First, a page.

The Organ

Christopher Fifield: Ibbs and Tillett : the Rise and Fall of a Musical Empire

Christopher Fifield: Ibbs and Tillett : the Rise and Fall of a Musical Empire
ISBN 1-84014-290-1

This book details the 90 year history of, in its day, the greatest concert agency in Britain. It charts the fluctuating fortunes of a specific agency business in the context of a society and music industry that was changing drastically at the time. This book also provides an in-depth look at some of the artists employed by the Ibbs and Tillett agency, including the likes of Sergei Rachmaninov, Kathleen Ferrier and Myra Hess, most often through letters that were written by or to those very people.

Fifield has given the reader a book that can be used in a variety of ways. Its focus on artists’ letters allows us to see different and possibly unknown sides to famous artists, and as such the material is invaluable to those seeking a comprehensive picture of some of the century’s greatest musicians. At the same time, the facts and figures of the agency are very well researched, and the wealth of detail published allows us to trace the growth and eventual decline of the agency very clearly. More broadly, its chronological structure is very useful; this book really does look at concert agency both specifically and in terms of how it was affected by the social turbulence of the 20th century.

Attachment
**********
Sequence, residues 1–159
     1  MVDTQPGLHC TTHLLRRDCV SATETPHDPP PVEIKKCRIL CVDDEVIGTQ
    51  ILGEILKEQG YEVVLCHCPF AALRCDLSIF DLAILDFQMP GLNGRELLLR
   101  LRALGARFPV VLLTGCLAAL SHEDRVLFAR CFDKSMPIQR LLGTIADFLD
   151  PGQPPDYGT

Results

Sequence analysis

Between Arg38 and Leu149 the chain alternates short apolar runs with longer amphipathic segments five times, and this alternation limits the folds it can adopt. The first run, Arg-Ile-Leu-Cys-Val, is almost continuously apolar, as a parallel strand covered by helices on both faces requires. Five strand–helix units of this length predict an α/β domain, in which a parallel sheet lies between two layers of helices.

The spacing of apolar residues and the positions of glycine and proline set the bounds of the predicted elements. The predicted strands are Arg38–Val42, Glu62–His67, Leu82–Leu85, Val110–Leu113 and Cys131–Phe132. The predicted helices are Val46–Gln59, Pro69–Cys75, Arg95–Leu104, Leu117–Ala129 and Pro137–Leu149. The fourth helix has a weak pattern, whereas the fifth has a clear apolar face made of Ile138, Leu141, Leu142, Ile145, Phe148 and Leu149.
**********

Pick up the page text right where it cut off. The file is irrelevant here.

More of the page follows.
At 650 pages, including nearly 300 pages of appendices, this book cannot be seen as a light read. However, it is well demarcated and signposted, and its size should not put off people interested in understanding how professional musicians in the 20th century survived and lived. The impact of two world wars, the rise of the BBC, the growth of personal management as an ideal, the rise of prices and costs and other issues are all given a lot of time and space. Readers will come away with the feeling that they appreciate both how concert agencies of the old school were run, and how much such agencies were under pressure to change by the later decades of the century if they wished to survive.

Fifield objectively and interestingly weaves together some of the drier musical facts with the human and social context in which they occurred to form a book that is to be recommended either in its entirety or as a frame of reference for specific artists or decades.